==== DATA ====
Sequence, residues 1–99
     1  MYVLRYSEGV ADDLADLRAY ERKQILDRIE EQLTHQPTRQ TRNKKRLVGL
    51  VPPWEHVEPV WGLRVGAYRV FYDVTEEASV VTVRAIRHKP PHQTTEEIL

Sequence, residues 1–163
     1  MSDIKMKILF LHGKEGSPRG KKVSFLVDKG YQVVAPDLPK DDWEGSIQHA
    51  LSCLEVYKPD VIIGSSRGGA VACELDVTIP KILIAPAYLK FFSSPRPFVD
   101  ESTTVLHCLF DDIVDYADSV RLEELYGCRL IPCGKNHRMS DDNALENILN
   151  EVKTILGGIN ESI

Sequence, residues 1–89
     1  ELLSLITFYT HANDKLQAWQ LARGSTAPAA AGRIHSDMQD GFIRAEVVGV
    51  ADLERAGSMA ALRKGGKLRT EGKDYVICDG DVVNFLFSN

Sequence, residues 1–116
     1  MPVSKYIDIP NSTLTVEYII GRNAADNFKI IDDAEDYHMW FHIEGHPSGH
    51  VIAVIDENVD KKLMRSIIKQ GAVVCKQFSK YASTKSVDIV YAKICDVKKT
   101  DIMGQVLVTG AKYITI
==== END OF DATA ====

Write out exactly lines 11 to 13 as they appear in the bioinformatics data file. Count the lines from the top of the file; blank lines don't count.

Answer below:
    51  ADLERAGSMA ALRKGGKLRT EGKDYVICDG DVVNFLFSN

Sequence, residues 1–116
     1  MPVSKYIDIP NSTLTVEYII GRNAADNFKI IDDAEDYHMW FHIEGHPSGH